Background: The solubility/dissolution of a drug in the gastrointestinal (GI) region and the
permeability of a drug through the GI membrane are the two key parameters governing drug absorption.
Poor aqueous solubility is the rate-limiting factor for the absorption of poorly soluble drugs
through the GI region.
Objective: The purpose of this work is to investigate the influence of two different hydrotropes, namely
sodium benzoate (SB), and nicotinamide (NA), at different levels (10-40%) and in combination on the
solubility and permeability of poorly soluble drug glibenclamide (GLB). The work will find out,
whether the solubility enhancement of glibenclamide using hydrotropes and hydrotropic blends also affects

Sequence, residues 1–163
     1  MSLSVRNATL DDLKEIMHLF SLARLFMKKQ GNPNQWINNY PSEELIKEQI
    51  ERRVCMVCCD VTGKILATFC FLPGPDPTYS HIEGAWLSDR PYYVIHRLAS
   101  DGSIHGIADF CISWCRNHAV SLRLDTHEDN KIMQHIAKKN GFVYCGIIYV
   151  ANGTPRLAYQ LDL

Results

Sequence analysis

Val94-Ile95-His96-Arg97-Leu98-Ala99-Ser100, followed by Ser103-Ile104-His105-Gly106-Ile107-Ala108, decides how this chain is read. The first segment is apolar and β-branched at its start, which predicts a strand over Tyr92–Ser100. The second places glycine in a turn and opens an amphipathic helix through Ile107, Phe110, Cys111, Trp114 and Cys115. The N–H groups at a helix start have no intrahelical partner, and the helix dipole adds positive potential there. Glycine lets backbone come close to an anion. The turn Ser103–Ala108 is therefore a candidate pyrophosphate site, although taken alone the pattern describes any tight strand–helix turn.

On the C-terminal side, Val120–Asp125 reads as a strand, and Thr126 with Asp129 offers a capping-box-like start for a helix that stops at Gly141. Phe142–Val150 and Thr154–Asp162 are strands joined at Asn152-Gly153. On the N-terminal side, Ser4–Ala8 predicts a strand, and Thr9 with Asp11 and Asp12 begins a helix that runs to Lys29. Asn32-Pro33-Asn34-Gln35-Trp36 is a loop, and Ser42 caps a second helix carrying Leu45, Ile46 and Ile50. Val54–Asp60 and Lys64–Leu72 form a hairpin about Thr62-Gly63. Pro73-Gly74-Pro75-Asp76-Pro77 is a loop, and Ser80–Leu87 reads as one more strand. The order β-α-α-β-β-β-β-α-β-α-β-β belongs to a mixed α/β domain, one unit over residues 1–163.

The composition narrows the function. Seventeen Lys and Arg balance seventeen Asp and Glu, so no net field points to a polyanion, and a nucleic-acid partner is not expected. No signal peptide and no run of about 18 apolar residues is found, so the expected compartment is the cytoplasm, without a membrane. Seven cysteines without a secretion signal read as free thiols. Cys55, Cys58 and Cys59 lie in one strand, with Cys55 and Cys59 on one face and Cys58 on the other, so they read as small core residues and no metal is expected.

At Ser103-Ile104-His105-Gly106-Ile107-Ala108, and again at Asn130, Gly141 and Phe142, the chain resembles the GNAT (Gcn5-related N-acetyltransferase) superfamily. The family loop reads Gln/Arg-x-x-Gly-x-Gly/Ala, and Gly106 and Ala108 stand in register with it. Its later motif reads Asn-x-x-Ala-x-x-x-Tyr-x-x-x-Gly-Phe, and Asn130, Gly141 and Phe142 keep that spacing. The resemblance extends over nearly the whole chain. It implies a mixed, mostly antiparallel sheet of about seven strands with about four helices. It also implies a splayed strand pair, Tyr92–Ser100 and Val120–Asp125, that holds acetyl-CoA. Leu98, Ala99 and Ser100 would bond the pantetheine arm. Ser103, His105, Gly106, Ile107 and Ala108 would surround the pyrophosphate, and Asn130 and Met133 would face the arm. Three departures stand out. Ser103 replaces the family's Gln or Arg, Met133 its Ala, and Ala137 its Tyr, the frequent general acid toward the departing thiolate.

the GI permeability of glibenclamide.
Methods: A 32 full factorial design was employed to study the influence of hydrotropic blends of sodium
benzoate and nicotinamide on the solubility and permeability of GLB. The solubility and permeability
of drugs at different levels (10-40%) of hydrotropes (SB, NA) and their blends are determined
using a magnetic stirrer and in vitro Franz diffusion cell, respectively.
Results: The results of preliminary studies revealed an increase in the solubility and reduction in the
apparent permeability of GLB as a function of increasing levels of both hydrotropes.
Conclusion: In this work, it was found that an increase in solubility with hydrotropes results in a decrease
in permeability of GLB. The solubility enhancement and the permeability decrease were observed
more in hydrotropic blends in comparison to individual hydrotropes. Therefore, it is concluded
that both factors, solubility and permeability, must be optimized to achieve appreciable gains in